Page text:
MOBILE, Ala. (WALA) - Humane officials say animal cruelty has been a big problem in our area. They say they have seen animals mistreated and abused; some intentionally tortured. They have also seen many cases where the abuser walks off with what seems to be a simple slap on the wrist.
Humane authorities say, especially now, more and more people are pushing to change that.
"People are tired of seeing the animals hurt and injured and mistreated," said Montgomery Humane Officer Scott Hill. "They experience the same things we do. They experience joy. They experience pain."
Hill said he has seen that pain for more than 6 years as a humane officer. He believes the laws to protect the animals are already in place, but need to be changed.
"We have some pretty strong laws in Alabama. They just need to be stronger," he said.
Mississippi sits at number 47, and the state of Florida took spot number 15.
The rankings are based on animal protection laws, which vary from state to state.
One reason for Alabama's low score, the site said, is the state implemented strong dog fighting laws, but lost points for being one of only 10 states that still makes cockfighting a misdemeanor penalty.
"It's a $50 fine if you get caught cock fighting in Alabama, which is ridiculous," said Officer Hill.
However, at least Alabama has a cockfighting law to begin with. Hill said there are some holes in the law, which benefits the accused abuser.
Such is the case of Eric Easley. He was arrested in 2010 for allegedly raping a miniature horse.
Easley's attorney at the time took an unusual approach to the case.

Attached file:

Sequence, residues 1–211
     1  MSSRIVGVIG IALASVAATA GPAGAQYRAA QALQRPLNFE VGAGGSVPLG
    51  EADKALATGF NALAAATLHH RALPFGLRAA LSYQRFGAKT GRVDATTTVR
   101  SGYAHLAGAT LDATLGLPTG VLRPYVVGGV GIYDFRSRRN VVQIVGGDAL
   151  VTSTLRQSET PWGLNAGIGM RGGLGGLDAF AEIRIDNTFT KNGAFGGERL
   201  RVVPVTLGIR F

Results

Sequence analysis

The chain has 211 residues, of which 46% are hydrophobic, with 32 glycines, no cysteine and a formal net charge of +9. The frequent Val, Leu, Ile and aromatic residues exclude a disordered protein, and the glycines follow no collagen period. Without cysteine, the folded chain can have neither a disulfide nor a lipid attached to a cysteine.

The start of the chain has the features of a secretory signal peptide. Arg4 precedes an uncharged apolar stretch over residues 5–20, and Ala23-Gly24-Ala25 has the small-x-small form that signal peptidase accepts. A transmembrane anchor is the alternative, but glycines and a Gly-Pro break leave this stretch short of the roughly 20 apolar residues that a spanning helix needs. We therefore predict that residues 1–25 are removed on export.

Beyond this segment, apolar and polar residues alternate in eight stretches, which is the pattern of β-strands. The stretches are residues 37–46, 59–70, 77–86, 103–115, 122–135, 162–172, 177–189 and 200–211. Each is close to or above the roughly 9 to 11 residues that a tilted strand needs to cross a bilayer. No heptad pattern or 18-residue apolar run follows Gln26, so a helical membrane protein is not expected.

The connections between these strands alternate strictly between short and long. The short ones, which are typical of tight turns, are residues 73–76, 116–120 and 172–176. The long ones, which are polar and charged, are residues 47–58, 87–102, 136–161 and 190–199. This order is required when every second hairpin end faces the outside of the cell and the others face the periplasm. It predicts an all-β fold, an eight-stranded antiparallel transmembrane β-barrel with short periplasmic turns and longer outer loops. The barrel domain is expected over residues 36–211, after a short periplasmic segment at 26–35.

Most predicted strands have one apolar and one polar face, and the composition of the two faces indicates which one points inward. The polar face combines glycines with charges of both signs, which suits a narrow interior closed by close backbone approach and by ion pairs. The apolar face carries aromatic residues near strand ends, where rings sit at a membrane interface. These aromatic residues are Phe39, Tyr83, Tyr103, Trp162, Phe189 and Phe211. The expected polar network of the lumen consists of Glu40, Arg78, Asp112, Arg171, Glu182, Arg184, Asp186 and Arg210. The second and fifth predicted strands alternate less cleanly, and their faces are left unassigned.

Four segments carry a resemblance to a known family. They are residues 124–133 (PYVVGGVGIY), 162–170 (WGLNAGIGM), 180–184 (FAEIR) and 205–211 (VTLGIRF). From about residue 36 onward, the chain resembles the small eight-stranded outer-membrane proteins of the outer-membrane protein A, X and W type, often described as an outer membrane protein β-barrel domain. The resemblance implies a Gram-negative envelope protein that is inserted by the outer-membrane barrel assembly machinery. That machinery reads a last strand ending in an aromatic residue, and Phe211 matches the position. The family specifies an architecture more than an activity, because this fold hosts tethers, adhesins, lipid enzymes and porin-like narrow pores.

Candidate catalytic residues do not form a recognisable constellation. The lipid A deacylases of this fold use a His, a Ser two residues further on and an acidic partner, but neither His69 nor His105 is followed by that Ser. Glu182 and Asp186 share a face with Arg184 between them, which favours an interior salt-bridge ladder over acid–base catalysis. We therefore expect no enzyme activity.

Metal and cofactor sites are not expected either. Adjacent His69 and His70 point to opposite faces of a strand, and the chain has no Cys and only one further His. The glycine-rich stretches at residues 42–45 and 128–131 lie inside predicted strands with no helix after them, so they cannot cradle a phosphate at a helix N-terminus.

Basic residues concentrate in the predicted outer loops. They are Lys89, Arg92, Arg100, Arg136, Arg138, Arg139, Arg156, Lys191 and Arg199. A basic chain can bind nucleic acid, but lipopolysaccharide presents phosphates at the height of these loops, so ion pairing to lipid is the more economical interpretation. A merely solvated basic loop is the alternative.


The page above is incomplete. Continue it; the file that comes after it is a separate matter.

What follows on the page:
"I don't know, I don't think that is cruel, is it?" asked attorney Bob Clark.
"Is there a law against that?" he was asked in return.
"I don't know of any law that says you can't do that; you will have to tell me," he said.
Clark has a point.
Easley was only charged with cruelty to animals, which is a misdemeanor, and disabling livestock. That's because there is no specific law in the state of Alabama that says bestiality is a crime.
"It's illegal to sell any type of tape or CD involving bestiality, but it's not against the law to have sex with an animal right now in Alabama," said Officer Hill.
"That had shocked a lot of people that we had no bestiality laws, and there was an instance in Alabama, recently, where the guy just got away," replied Sandra Nathan with Alabama Voters for Responsible Animal Legislation (AVRAL).
Nathan said AVRAL's focus is creating and passing legislation to benefit animal rights. She said their following on Facebook only continues to grow.
"Animals can't vote, but we do, and so we're hopefully trying to be their voice," said Nathan.
She said AVRAL has been working with the Alabama Humane Federation and the Humane Society to pass a package of four animal bills during the current legislative session.
The team effort has gotten a lot of support from state representatives and senators.
"We're working with lawmakers and the bills we are looking to push include a bill to protect spay and neuter clinics, an abuse reporting bill, as well as a bestiality bill and to strengthen penalties cock fighting," said Sonja Presley, Director of the Baldwin County Humane Society, better known as BARC!